Culinary use

A growing trend in high-end pastry is using unique flours for otherwise traditional bakes.

For example, heritage wheats, non-traditional flavours like rye and buckwheat and wholemeal flours are being used in croissants, cakes and tart doughs. Different flours can add texture, flavour and character to baked goods which has led to this increasing popularity.

Lisa uses her products for the simple, everyday bakes she and her family enjoy. She recently won a Blas na hÉireann award for both her sprouted buckwheat flour and fine-milled wheat flour.

“I actually used to bake a lot more before I started the business,” she laughs. “My main staples would be pancakes, which are fast to whip up (with normal wheat or buckwheat flour). I make a lot of crumbles, pizzas and brownies are a quick one to whip up, as well. We have a rye flour brownie recipe on the packet and they taste great. The kids love making buns and we’re spoiled with bread from the bakery!

“For those into sourdough, our flour ferments really well,” she continues. “It’s extremely active – some people find it too active! People sometimes send me pictures of their sourdough starter bubbling out of the jar. Our flours keep their enzymatic activity, which helps the starter’s fermentation process.”

Support to keep going

Before going into business, she expected things would feel competitive, especially in relation to other local food producers.

In actuality, the support and friendship she has experienced from within the food community has been the most wonderful aspect of her business journey. She feels a lot of support from the ACORNS group, in particular, which she joined in the early stages of her business plan.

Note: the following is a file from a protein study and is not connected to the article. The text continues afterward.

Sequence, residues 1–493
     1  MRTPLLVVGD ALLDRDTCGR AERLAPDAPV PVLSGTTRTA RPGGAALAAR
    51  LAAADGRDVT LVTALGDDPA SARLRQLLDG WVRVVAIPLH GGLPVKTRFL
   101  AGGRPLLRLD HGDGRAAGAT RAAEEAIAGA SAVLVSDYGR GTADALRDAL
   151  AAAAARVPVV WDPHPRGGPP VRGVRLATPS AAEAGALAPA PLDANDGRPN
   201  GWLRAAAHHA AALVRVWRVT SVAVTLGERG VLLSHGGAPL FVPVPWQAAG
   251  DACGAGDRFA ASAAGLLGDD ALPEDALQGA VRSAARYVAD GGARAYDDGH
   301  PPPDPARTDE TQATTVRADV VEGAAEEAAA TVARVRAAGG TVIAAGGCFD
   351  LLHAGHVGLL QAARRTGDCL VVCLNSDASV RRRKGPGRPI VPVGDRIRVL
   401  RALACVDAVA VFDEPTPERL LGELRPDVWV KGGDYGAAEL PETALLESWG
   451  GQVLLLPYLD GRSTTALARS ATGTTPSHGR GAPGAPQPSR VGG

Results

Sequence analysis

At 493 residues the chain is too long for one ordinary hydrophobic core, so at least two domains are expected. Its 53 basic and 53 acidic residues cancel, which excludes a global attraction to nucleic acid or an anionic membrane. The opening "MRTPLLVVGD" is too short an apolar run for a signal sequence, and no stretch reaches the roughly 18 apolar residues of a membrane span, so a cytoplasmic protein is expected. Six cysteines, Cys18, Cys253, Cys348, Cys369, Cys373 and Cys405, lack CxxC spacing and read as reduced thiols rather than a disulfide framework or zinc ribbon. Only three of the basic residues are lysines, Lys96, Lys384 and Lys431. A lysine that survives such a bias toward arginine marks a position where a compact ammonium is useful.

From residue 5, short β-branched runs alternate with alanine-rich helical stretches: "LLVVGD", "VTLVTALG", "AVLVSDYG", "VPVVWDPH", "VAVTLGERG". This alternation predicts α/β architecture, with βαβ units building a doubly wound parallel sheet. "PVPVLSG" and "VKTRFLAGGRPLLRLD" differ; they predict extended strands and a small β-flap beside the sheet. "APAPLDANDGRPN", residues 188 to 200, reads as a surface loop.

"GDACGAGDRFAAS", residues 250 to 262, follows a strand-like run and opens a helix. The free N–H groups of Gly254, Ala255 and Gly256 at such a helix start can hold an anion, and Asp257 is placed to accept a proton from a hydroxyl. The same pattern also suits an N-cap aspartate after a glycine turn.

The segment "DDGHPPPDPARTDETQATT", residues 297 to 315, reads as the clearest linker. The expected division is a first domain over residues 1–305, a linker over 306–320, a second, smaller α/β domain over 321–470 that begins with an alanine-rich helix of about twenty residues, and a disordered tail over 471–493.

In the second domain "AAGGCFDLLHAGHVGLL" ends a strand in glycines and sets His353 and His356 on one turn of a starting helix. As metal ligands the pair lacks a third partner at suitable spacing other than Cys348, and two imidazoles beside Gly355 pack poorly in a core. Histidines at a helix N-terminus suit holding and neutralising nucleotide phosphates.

“I’ve relied on the ACORNS group a lot; they’ve been fantastic and I have a good network of people and businesses and we support each other,” she says. “I think the things I’ve enjoyed the most about the business are all the people I’ve met and how supportive everyone has been.”

“With the many production hurdles; we nearly gave up on the idea. We just found it so tricky to get the product right, at first. I then joined Acorns and their support helped me get though, as I may have given up otherwise. With no business background; things like accounting and finance were daunting. Overall, these problems have made me stronger. We’ve come through and we’re still here.”

The family farm

Lisa, husband Tom and their four children – sons JP (12) and Guy (11) and daughters Charlie (nine) and Pippa (six) – love to make the most of country living on their farm, which consists of a suckler herd, drystock and houses their two ponies, Misty and Biscuit. The sucklers are a combination of mixed breed and purebred Limousin. Tom and Lisa are in the process of converting their farm to organic and hope to start with some tillage in the next year. Lisa would like to start growing some of their own grain.

Read more

The ins and outs of sourdough bread

Arán Kilkenny: using Irish heritage wheat to produce speciality bread

Dempsey at Large: A future for Irish flour milling again?